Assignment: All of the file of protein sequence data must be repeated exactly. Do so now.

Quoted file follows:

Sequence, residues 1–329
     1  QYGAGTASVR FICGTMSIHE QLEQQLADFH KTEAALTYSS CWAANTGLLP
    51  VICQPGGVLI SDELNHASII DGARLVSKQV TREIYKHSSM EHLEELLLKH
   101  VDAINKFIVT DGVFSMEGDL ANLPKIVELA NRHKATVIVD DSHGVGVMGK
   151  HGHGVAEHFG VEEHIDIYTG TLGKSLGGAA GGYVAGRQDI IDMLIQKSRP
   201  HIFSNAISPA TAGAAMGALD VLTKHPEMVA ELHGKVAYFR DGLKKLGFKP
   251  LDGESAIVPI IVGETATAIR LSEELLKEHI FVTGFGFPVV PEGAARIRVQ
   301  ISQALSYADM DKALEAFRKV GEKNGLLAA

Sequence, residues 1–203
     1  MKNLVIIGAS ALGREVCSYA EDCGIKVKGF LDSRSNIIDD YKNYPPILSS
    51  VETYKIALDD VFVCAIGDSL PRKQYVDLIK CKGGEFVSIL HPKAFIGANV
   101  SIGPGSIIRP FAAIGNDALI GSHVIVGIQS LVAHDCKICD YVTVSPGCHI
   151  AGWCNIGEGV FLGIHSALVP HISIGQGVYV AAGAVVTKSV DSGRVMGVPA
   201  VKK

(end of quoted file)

Sequence, residues 1–329
     1  QYGAGTASVR FICGTMSIHE QLEQQLADFH KTEAALTYSS CWAANTGLLP
    51  VICQPGGVLI SDELNHASII DGARLVSKQV TREIYKHSSM EHLEELLLKH
   101  VDAINKFIVT DGVFSMEGDL ANLPKIVELA NRHKATVIVD DSHGVGVMGK
   151  HGHGVAEHFG VEEHIDIYTG TLGKSLGGAA GGYVAGRQDI IDMLIQKSRP
   201  HIFSNAISPA TAGAAMGALD VLTKHPEMVA ELHGKVAYFR DGLKKLGFKP
   251  LDGESAIVPI IVGETATAIR LSEELLKEHI FVTGFGFPVV PEGAARIRVQ
   301  ISQALSYADM DKALEAFRKV GEKNGLLAA

Sequence, residues 1–203
     1  MKNLVIIGAS ALGREVCSYA EDCGIKVKGF LDSRSNIIDD YKNYPPILSS
    51  VETYKIALDD VFVCAIGDSL PRKQYVDLIK CKGGEFVSIL HPKAFIGANV
   101  SIGPGSIIRP FAAIGNDALI GSHVIVGIQS LVAHDCKICD YVTVSPGCHI
   151  AGWCNIGEGV FLGIHSALVP HISIGQGVYV AAGAVVTKSV DSGRVMGVPA
   201  VKK